/** headlines: 114.0 **/
** Topic: Meeting Focuses on Immigrant Rights **
** Written 9:48 PM Dec 15, 1996 by newsdesk in cdp:headlines **
/* Written 12:09 AM Dec 12, 1996 by email@example.com in justice.usa */
/* ---------- "Meeting Focuses on Immigrant Rights" ---------- */
From: NY Transfer News Collective <firstname.lastname@example.org>
Via Workers World News Service
Reprinted from the Dec. 19, 1996 issue of Workers World newspaper
Los Angeles "When the law takes effect April 1, 1997, 90 percent of legal immigration will be cut from Mexico. The law doesn't say it's targeted against Mexico, but in reality it will impact on Mexico and no other country."
This is how immigrant-rights lawyer Peter Schey outlined the critical situation facing millions of Mexican and other immigrants since President Bill Clinton signed the anti-immigrant law in September.
Schey gave the keynote speech at the Western Regional Conference of La Coordinadora '96 and the organization Pro- Uno, which took place the weekend of Dec. 7-8 here in Los Angeles. The groups met to form a program and action plan in the aftermath of the historic Oct. 12 Latino and Immigrants' Rights march on Washington.
Schey explained that the law was written to close off Mexican legal immigration.
"Historically," he said, "Mexicans often wait in the U.S. for their visas to be approved. Now, if you wait here for one year, you will be deported and ineligible to immigrate for 10 years.
"No other immigrants from other countries are in a position to wait in the U.S. pending approval.
"For the first time in 60 years there is a law seeking to close legal immigration from Mexico. What we will see is an exploding population of exploitable labor, ineligible for health care or education--a population that will be driven deeper and deeper underground. And the politicians know that very well."
The conference featured workshops focusing on La Coordinadora's seven demands: human and constitutional rights for all; equal opportunity and affirmative action; free public education for all; expansion of health services; citizen police-review boards; labor law reform and a $7 minimum wage; citizenship now and amnesty.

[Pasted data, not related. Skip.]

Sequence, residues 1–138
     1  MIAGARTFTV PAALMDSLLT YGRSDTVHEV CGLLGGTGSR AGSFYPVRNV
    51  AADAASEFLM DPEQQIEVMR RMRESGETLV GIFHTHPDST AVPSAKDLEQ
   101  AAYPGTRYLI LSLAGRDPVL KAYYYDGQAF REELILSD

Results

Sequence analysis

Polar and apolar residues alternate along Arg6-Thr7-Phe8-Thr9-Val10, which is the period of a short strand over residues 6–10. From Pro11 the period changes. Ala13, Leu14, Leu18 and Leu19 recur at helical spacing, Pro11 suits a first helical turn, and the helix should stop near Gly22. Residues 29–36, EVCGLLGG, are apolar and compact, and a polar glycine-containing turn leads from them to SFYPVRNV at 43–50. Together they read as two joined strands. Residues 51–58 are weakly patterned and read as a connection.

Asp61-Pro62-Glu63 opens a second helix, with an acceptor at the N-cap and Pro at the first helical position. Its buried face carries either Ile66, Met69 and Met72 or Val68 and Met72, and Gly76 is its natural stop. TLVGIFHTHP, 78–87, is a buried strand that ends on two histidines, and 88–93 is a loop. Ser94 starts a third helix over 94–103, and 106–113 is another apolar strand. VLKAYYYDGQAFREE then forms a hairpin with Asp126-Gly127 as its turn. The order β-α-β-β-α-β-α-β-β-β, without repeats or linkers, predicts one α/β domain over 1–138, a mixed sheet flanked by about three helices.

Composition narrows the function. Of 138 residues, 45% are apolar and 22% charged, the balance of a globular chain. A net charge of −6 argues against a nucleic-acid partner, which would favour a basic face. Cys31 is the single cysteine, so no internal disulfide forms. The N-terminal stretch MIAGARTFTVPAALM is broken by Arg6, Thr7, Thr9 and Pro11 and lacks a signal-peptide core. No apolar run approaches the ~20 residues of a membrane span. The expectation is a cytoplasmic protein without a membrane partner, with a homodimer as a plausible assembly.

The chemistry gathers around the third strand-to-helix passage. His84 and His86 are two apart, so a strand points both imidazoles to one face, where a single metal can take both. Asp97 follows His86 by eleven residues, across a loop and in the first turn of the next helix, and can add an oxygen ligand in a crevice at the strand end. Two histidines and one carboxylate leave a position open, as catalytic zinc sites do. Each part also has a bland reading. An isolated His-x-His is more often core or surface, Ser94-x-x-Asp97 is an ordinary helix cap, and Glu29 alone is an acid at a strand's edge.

Participants, who were mainly Latino, agreed that there is lack of awareness about the new law's impact on Latino immigrants. The goal was to begin that process of community education--and most of all, to mobilize the people in their own defense.
In the citizenship and amnesty workshop, Salvadoran leader Angela Sambrano talked about the "ABC" immigrants, the most urgent class of immigrants. They are over 300,000 Latinos who qualified for legal residency under the 1986 immigration law's federal amnesty program.
The Immigration and Naturalization Service illegally turned down their applications in 1987. Their cases have since been pending in three federal class-action lawsuits.
When Clinton signed the new law, Congress immediately instructed the courts to drop the lawsuits as invalid.
Within weeks, Sambrano explained, the ABC--or "late amnesty"--immigrants are likely to be declared undocumented. They face immediate deportation.
Not only the 300,000, but their families--close to a million people--stand to lose.
"We must do everything possible to defend the late-amnesty immigrants," she said.
Carlota Botey, a member of Mexico's National Assembly and a progressive activist, talked about the economic realities that force Mexicans to leave their home. She said the money Mexicans send home to their families is now Mexico's second- biggest source of hard currency after oil.
"In Mexico, 58 million people live in poverty, out of 90 million. And it's worsening because of NAFTA.
"We can't enter the 21st century with the same miserable conditions that we came into the 20th with. It is necessary for us to join and resist."
Each workshop concluded with action proposals, presented by youth organizers in Pro-Uno.
In the "Justice without Brutality" workshop, Carlos de la Cruz of Citizens for Victims of Police Violence gave chilling testimony about his 21-year-old nephew, killed by Montebello police who shot him seven times.
Proposals included a memorial to the victims of police terror, community forums, elected civilian-review boards and people's tribunals.
Key to the action plan was a call for a mass mobilization in Washington in October 2000, and other events as developments in the immigration struggle unfold.
Coordinadora Director Pepe Medina said: "In the Oct. 12 march we saw banners of the whole world, the struggle of the poor, particularly of Latin America. It was independent of political institutions and think tanks, neither Democrat nor Republican. It was the people who are excluded from their platforms. ...
"We had our own platform with seven broad demands. We all agree that these are rights that every human being should have."
Copyright Workers World Service: Permission to reprint granted if source is cited. For more information contact Workers World, 55 W. 17 St., NY, NY 10011; via e-mail: email@example.com. For subscription info send message to: firstname.lastname@example.org. Web: http://www.workers.org